Judge 'burned in shed while his wife brought in laundry'

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The Independent Online

A judge's wife brought in the washing from her garden and closed the house windows as her husband burned to death yards away in a shed after announcing that he wanted a divorce, an inquest has heard.

Andrew Chubb, 58, died some 90 minutes after returning to his farmhouse near Chard, Somerset, in July 2001 and breaking the news to his wife.

After a previous inquest in 2001, the Lord Chief Justice, Lord Phillips, claimed there was "not a shred of evidence" to suggest murder but that suicide could not be ruled out. The body was cremated before a pathologist could determine whether or not he had died before the fire.

But last year, Kerry Sparrow, the judge's mistress, won her battle for another inquest to be held.

Mr Chubb's wife, Jennifer, was released without charge and moved to Australia having sold the £1m marital home. She could not be compelled to attend yesterday's hearing in Glastonbury, Somerset.

Neighbours yesterday described the "strange" and "controlling" behavior of Mrs Chubb after hearing an "earth-shattering" explosion in the garden. They described how she gathered in the laundry as the shed was engulfed in flames, before closing the windows to ensure that sparks didn't get inside.

Witnesses say she was immediately adamant her husband had killed himself. Peter Evans, a gardener, was the first on the scene and told the inquest: "I remember her being certain her husband had committed suicide." And Beth Luck, a neighbour, said Mrs Chubb told her that Mr Chubb had taken his life.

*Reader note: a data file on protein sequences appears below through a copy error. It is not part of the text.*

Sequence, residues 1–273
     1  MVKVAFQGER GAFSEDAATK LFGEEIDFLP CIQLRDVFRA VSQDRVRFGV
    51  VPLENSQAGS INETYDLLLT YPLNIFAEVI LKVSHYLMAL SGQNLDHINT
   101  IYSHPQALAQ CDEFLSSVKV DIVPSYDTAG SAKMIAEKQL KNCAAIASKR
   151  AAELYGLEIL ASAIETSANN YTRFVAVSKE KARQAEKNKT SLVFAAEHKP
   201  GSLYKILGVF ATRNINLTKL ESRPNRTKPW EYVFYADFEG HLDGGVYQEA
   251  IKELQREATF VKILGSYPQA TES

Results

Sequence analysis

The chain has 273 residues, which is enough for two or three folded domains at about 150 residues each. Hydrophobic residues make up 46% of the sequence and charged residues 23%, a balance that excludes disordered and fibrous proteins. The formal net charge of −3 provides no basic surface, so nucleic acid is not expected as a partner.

Mrs Luck expressed doubt at this claim yesterday. "It was like she was trying to create a background of mental instability which I don't think was there," said Mrs Luck. She added that Mrs Chubb had had a conversation with another neighbour that evening in which they had discussed insurance policies, and said that companies "paid out" for suicide. "This is very strange stuff to be saying to someone within half an hour of her husband being incinerated," Mrs Luck said.

The court heard a transcript of a 999 call in which Mrs Chubb repeatedly implied that Mr Chubb had killed himself. "Oh my God, oh my God, he's done it quite deliberately," she said.

Paul Dunkels, QC, a barrister on the south-west circuit with Mr Chubb, described being told of the affair by Mrs Chubb who had discovered it two weeks earlier: "Jennifer said he told her he did not love the girl, that he wanted to end the relationship but she [Ms Sparrow] had threatened to go to the newspapers. She said he had asked her for a divorce but said he didn't love the other woman."

William Freestone, a GP who knew the couple for 15 years, said Mrs Chubb insisted on inspecting Mr Chubb's remains. He said: "We looked at the remains of Andrew's head lying on a hay bale. Jenny said: 'Oh, I see what's happened now. He's poured petrol everywhere, laid down in the hay and set fire to himself.'"

He pointed out it was odd to have calmly collected the washing while he burned.

The inquest continues.